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Wed, Aug 21, 2019

Ryanair Irish Pilots Withdraw From Mediation

Airline Says No Progress Made On Pilots' 'Unrealistic' Demands

Ryanair pilots and their union Fórsa have withdrawn from Mediation talks chaired by Mr Kieran Mulvey when no progress was made on their pay proposals described by the airline as "unrealistic and unimplementable".

At a mediation meeting held last week, the Ryanair Pilots Committee and Fórsa confirmed that they are seeking pay increases of 101% on top of current annual pay of over €172,000 ($197,000). Ryanair Pilots are insisting on these pay demands being met, just one day after Norwegian announced the closure of its Dublin operations with the loss of over 120 crew jobs, despite the fact that Ryanair has a surplus of over 500 pilots due to the delayed delivery of over 30 MAX aircraft this winter, and just 10 weeks before a “no-deal” Brexit could cause further disruption to air travel and airline jobs in Ireland and the U.K.

Ryanair has called on its pilots and the Fórsa union to return to Independent Mediation with reasonable proposals which reflect the falling airfares and profits Ryanair has recently reported, as well as the fact that Ryanair pilot pay is already 20% ahead of comparable 737 airline pilot pay in Norwegian and Jet2.

“We have done everything in our power to avoid disruption to our flights and our customers’ holidays. However, no company can concede to grossly unreasonable demands from its highest paid workers for a further pay increase of over 100% (when they already agreed and received a 20% pay increase earlier this year) at a time when the airline industry is in crisis," said Ryanair’s Chief People Officer Eddie Wilson.

"Ryanair pilots who are already among the best paid workers in Ireland are now threatening to disrupt the holiday travel plans of thousands of customers over the coming weeks as they demand that their pay be increased from €172,000 ($197,000) p.a. to over €347,000 ($385,000) p.a. that would see them earn more than the President of Ireland, even as Norwegian makes all of its Dublin pilots redundant. We remain willing to engage in Mediation with our pilots and Fórsa but call on them to avoid disrupting our customers’ travel plans in pursuit of what are clearly unrealistic and unimplementable pay proposals,” he said.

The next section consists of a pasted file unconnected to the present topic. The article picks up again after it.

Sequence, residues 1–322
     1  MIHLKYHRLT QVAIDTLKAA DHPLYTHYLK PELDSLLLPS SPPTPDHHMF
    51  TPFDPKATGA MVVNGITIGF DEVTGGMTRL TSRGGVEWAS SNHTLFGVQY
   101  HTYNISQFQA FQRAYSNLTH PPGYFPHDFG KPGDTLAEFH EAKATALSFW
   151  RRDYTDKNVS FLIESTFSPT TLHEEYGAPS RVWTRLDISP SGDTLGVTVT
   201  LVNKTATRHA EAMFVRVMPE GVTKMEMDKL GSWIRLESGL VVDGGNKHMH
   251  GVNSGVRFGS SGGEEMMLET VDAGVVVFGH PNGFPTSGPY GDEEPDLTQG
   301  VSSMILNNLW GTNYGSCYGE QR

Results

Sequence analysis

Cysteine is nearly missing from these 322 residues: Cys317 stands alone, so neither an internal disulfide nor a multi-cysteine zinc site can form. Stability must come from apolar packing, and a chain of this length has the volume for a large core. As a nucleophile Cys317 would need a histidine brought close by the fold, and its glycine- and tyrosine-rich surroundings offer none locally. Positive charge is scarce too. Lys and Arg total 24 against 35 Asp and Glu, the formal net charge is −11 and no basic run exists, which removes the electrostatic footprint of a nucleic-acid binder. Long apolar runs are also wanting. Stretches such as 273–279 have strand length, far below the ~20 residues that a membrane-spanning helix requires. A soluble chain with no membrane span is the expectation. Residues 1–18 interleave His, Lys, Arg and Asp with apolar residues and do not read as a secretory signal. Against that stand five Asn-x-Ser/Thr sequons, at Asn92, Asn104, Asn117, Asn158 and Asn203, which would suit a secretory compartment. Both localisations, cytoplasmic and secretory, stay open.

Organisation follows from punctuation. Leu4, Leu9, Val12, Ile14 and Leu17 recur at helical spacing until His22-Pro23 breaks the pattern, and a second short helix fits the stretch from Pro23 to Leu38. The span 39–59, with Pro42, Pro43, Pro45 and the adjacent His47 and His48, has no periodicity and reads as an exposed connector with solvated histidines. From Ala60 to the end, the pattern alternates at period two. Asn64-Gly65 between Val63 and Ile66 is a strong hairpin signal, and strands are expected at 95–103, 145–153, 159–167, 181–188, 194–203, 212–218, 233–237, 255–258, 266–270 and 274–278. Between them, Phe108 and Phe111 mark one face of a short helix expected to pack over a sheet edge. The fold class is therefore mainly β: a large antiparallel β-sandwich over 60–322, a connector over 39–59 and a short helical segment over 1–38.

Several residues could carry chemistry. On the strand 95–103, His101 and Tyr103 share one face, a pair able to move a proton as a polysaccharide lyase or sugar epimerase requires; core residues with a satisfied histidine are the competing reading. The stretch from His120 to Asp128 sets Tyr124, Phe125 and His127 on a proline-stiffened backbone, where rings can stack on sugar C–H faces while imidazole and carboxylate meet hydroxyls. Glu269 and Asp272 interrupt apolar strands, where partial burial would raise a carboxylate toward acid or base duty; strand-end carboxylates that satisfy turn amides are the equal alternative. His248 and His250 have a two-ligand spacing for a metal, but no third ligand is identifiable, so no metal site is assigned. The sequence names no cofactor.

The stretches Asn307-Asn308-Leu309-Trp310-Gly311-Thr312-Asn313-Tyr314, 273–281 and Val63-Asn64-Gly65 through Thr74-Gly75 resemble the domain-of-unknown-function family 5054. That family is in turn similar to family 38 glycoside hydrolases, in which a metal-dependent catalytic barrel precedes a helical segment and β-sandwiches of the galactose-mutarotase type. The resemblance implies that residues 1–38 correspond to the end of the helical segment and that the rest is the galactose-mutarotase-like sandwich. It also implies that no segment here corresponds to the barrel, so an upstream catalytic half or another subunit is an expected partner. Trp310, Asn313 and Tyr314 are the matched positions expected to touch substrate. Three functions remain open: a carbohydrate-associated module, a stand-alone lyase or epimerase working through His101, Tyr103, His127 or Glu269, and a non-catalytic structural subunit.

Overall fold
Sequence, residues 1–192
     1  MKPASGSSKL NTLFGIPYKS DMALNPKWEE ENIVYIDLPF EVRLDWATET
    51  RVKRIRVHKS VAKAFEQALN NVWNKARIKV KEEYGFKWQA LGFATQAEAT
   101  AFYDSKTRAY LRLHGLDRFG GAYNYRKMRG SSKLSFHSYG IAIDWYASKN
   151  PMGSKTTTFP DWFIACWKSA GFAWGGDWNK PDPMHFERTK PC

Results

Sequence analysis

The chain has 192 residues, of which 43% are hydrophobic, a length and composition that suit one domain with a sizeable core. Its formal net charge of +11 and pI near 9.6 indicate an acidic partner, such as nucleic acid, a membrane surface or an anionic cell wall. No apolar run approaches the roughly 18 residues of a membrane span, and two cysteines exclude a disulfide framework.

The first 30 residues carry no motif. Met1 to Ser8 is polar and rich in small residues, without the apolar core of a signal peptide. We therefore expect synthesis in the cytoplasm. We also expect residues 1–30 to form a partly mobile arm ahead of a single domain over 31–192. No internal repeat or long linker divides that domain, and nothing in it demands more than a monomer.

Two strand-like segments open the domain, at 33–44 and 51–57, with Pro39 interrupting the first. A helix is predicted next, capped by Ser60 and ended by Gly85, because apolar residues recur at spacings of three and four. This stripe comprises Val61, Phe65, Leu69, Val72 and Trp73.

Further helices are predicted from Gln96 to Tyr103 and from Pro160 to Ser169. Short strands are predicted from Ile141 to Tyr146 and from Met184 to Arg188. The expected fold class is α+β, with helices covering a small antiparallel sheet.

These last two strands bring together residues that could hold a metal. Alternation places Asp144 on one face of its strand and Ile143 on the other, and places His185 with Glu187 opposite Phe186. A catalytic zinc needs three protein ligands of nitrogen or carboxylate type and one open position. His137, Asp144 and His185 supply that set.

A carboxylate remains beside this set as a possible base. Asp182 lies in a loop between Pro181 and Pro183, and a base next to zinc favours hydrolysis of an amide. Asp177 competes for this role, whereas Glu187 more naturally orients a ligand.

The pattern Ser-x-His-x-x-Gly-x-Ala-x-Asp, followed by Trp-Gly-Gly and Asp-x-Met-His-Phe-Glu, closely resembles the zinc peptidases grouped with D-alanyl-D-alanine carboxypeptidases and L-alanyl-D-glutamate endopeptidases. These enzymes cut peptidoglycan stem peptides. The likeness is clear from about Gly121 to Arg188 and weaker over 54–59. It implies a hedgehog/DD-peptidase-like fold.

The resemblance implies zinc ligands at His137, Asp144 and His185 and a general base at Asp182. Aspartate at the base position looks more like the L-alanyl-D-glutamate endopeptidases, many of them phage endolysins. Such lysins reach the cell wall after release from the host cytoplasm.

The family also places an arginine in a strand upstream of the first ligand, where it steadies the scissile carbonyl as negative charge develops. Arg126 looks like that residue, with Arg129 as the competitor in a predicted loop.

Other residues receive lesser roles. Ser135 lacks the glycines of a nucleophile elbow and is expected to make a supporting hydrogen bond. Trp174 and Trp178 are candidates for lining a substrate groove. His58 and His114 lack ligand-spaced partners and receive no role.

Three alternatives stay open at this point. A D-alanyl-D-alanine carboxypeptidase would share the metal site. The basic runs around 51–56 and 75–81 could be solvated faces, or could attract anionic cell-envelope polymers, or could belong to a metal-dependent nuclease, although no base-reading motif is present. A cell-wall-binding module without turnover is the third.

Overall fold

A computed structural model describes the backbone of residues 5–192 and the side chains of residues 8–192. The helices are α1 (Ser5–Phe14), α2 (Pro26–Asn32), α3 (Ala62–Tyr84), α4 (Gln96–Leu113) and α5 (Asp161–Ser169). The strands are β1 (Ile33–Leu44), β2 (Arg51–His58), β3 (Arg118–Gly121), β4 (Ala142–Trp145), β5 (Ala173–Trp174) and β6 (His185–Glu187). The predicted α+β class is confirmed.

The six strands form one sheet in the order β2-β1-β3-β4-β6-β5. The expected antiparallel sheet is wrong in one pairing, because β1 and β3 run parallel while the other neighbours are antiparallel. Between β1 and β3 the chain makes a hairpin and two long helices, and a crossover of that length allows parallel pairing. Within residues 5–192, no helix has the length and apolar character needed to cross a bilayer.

The airline has been granted permission to apply for an injunction in the Irish High Court to stop a potential strike by the pilots, a move that was blasted by BALPA.

“This is typical Ryanair bully boy behavior. If they think they can legally bludgeon us and their pilots into submission they are wrong. This is a waste of time and money that would be better spent trying to resolve the dispute," said Brian Strutton, BALPA General Secretary.

“We have offered to talk at ACAS, and Ryanair have refused. This attitude is exactly why we’ve ended up in this dispute with Ryanair – trying to negotiate with them is virtually impossible. They have got a serious situation here with their own workforce. Rather than working with us to improve things, they are dragging this into court.

"Ryanair passengers will be dismayed at the airline’s cavalier attitude that is putting their travel plans at risk.”

(Source: News releases. Image from file)

FMI: www.ryanair.com
www.balpa.org

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